Lithium-ion batteries can rejoice at not needing to stay plugged in for as longAs we said the other day, batteries have become an important focus of scientists and tech companies. Qualcomm is now adding its support to the movement aiming for better power packs.
There is a certain technology that Qualcomm has invented, which promises to improve the speed of battery charging by almost half.
More specifically, the technology enables batteries to recover all their energy at a rate 40% better than normal.
The name of the tech is Quick Charge 1.0 and will make a fine stepping stone until the new ones, with a 10-minute recharge time, go live.
Quick Charge 1.0 is offered as part of the PMIC, or power management integrated circuit in devices powered by Qualcomm processors.
The solution interfaces with the USB port (universal serial bus) and optimizes the process. Over 70 Snapdragon-based gadgets currently use the spec.
No special equipment is needed for the feature to come into play. Normal USB charging accessories are fine.
Overall, this is a very different way of promoting energy efficiency, and increasing the marketing appeal of mobile items, than the regular one.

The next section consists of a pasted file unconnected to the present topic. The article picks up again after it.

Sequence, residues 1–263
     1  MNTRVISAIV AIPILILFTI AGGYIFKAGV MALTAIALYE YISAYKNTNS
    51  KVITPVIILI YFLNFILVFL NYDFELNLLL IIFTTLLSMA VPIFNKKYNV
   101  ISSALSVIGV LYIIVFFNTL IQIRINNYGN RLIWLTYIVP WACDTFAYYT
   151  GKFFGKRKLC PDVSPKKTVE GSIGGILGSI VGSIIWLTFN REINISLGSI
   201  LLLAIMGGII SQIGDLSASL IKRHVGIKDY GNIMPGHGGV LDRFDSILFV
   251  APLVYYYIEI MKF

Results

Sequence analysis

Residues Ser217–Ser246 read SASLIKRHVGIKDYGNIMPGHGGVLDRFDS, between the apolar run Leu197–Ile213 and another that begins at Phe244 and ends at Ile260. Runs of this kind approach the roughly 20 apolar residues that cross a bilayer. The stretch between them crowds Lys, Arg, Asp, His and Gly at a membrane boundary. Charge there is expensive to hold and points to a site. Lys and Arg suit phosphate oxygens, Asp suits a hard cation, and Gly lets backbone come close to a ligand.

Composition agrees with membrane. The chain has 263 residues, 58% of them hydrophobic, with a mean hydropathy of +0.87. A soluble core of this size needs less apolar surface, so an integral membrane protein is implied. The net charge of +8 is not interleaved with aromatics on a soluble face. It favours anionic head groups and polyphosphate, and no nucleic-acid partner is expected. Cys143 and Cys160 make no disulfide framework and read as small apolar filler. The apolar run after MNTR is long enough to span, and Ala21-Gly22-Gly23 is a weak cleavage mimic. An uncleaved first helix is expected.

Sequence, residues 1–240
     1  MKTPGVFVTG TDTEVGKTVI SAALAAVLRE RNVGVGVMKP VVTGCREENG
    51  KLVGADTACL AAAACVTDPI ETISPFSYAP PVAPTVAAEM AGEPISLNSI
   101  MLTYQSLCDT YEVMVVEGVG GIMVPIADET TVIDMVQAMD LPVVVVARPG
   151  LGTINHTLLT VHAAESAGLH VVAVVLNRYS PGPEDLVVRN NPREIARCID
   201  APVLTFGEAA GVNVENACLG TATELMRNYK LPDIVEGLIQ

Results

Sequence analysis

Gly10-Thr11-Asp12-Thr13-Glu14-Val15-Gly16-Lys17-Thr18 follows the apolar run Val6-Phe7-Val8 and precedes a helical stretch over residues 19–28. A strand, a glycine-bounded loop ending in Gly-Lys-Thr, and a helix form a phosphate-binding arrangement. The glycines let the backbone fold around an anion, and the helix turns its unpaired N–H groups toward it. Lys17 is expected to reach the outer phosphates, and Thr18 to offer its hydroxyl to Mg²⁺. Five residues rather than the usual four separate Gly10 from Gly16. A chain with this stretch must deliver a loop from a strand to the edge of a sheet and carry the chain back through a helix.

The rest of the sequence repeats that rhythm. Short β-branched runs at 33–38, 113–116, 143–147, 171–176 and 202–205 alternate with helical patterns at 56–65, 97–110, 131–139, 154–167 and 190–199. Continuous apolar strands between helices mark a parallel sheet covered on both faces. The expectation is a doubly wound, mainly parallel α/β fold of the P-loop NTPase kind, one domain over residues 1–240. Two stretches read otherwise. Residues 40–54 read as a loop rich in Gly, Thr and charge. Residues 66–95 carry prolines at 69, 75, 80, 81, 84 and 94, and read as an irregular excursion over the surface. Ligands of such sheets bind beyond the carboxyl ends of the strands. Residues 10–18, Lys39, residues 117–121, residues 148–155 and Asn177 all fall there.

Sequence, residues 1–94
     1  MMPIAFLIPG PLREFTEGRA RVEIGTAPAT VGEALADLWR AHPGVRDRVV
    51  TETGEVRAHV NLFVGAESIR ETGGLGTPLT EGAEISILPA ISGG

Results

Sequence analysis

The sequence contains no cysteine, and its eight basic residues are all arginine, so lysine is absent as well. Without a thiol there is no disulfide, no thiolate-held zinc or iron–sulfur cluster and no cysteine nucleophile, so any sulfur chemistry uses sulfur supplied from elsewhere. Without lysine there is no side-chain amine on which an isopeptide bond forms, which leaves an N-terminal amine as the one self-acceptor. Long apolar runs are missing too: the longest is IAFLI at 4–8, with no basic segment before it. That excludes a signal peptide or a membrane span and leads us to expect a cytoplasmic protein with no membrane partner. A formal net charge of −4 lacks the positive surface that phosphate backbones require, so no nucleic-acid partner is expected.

Like so many other corporations, Intel included, Qualcomm normally attributes the longer battery life spans to the efficiency of the SoC or CPU.
It is similar to how NAND Flash storage device makers praise the low power requirements of flash cards, flash drives and SSDs (solid state drives) in comparison to hard drives.
Qualcomm's goal in suddenly revealing Quick Charge 1.0 has a lot to do with phones, but it could be meant to secure more tablet design wins as well.
With NVIDIA's Tegra 4 not expected to come out until July, and slates based on it in August, it could score a few contracts between now and summer 2013.
We are fairly certain Qualcomm's rivals will outline power efficiency technologies of their own sooner rather than later.